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March 1, 2024
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Central banks key to stamping out global scourge of illicit gold


ILLEGAL mining, especially in gold, is not unique to South Africa. Billions of dollars in illegally mined gold has been sold to traders in Dubai, often via the unmonitored recycling industry. It’s a major concern to David Tait, CEO of the World Gold Council, who is on a mission to clean up gold’s image and improve its tradability.

“We are working with the United Arab Emirates to change the way things are done. I can smell BS a mile away but I think they are serious,” says Tait.

The World Gold Council last year convened a meeting in Vienna between central banks in whose countries illegal mining was a factor. “During the course of the meeting we agreed on 12 principles about how we want to be part of a global body to influence this,” says Tait.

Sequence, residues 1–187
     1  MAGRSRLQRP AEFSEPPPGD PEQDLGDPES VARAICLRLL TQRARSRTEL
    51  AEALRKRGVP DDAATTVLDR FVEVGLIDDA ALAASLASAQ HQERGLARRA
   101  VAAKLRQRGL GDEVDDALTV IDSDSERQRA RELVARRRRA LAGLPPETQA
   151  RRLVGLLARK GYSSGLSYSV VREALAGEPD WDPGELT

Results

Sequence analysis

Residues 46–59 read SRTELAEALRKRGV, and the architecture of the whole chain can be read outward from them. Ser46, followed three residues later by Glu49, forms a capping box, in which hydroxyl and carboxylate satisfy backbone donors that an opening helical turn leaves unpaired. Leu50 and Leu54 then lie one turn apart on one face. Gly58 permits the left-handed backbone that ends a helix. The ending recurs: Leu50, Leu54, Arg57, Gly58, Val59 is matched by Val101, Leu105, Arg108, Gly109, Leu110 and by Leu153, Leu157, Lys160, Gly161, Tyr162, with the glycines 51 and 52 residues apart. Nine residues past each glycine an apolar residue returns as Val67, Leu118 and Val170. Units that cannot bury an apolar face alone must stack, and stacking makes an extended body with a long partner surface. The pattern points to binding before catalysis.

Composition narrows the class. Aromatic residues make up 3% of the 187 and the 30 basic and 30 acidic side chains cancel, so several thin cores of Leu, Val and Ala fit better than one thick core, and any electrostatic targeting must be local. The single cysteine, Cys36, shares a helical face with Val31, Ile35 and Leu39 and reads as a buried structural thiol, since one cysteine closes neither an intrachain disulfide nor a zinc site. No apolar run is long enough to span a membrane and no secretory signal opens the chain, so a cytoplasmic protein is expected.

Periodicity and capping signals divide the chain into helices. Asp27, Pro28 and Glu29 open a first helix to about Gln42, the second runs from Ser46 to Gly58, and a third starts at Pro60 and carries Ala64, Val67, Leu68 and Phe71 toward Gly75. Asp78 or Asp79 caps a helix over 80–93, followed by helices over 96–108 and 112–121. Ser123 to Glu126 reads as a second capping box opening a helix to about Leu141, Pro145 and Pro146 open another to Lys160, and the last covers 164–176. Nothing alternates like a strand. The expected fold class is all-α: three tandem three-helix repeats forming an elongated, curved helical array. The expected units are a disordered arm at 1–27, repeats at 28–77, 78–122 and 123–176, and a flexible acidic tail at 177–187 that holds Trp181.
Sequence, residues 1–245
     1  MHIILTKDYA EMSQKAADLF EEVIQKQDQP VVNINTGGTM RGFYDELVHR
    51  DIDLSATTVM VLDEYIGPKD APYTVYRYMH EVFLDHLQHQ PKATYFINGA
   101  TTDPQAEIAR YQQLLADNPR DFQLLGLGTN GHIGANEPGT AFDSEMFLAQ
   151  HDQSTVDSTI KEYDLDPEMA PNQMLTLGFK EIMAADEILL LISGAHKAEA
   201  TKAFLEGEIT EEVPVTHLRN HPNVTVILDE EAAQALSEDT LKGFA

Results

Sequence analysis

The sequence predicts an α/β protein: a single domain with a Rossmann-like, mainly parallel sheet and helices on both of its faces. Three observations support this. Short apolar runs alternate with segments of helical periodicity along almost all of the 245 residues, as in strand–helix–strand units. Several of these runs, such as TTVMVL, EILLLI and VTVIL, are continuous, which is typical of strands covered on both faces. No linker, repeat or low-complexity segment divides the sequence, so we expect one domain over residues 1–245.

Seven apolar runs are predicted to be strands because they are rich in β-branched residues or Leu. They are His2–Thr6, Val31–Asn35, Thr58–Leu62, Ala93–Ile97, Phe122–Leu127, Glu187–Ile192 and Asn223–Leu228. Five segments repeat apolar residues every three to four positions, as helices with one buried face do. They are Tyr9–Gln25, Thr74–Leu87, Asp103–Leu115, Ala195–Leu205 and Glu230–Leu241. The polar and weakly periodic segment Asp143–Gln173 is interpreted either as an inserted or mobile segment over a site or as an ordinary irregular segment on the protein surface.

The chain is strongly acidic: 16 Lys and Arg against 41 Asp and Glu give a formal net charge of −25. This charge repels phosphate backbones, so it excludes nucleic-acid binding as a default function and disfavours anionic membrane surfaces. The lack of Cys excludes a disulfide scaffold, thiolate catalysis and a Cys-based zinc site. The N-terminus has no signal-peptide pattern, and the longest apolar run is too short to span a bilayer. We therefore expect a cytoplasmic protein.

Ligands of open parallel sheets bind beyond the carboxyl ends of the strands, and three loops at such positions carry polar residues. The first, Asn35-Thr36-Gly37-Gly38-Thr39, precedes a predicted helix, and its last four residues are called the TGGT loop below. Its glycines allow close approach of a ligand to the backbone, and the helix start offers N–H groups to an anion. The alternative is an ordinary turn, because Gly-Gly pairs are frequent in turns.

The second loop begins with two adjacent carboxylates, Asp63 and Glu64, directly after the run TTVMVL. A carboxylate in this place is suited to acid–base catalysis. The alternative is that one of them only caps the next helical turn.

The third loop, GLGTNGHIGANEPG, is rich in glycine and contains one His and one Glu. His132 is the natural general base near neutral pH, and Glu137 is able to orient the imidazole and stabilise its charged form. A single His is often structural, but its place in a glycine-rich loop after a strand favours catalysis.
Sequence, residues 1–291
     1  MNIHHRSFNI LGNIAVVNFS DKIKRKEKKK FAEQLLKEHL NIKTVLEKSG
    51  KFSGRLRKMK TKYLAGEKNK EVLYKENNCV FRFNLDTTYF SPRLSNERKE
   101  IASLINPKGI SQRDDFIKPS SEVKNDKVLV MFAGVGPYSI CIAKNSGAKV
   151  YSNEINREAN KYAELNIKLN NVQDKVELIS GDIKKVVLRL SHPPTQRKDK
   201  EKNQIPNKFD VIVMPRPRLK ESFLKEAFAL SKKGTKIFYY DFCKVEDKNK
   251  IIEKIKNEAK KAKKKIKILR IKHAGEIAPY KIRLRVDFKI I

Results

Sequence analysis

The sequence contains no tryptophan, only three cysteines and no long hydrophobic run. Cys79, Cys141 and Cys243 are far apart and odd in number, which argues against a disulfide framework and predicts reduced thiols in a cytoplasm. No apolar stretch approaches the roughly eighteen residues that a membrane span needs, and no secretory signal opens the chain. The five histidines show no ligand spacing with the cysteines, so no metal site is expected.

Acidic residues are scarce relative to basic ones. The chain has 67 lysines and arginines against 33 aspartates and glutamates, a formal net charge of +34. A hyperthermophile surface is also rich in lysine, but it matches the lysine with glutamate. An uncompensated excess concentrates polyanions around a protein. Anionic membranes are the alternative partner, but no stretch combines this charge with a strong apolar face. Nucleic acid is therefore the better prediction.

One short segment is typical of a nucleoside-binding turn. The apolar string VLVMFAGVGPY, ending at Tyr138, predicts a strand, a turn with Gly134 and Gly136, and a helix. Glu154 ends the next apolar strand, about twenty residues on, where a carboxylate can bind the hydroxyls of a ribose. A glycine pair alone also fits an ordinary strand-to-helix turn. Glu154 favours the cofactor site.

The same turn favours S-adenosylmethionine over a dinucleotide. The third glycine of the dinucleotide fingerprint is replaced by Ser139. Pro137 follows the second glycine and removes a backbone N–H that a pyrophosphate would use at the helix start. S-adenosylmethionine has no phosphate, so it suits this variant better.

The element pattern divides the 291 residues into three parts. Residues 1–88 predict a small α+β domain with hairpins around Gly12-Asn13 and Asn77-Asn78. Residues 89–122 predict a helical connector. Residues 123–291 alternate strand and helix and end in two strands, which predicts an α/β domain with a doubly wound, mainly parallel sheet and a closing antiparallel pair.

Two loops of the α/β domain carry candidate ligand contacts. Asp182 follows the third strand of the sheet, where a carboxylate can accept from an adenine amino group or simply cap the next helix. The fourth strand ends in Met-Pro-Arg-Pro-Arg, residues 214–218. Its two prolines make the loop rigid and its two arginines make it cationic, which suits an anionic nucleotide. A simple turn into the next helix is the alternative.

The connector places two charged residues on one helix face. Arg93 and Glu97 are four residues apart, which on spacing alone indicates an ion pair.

The aim is to put all gold imports through refiners registered with the London Bullion Market Association, and to agree on ESG principles that ban mercury usage and child labour.

They also agreed to influence the governments above the central banks to provide incentives for artisanal miners to use central banks rather than going to criminal gangs.

“My goal is to marginalise the criminal gangs and get gold into credited refiners and into our ecosystem, and in so doing redirect flows away from nefarious actors and nefarious parts of say, Dubai,” he says. An agreement was expected by year-end.

On November 21, the WGC agreed with the Dubai Multi Commodities Centre to standardise efforts monitoring legitimate and illicit aspects of hand carried gold.

“The result will be a set of policy recommendations that will address the forms of gold that can be hand-carried, definitions of acceptable personal limits, and the establishment of standardised customs declaration and digital tracking processes,” the council said.

This article first appeared in the Financial Mail on November 30.

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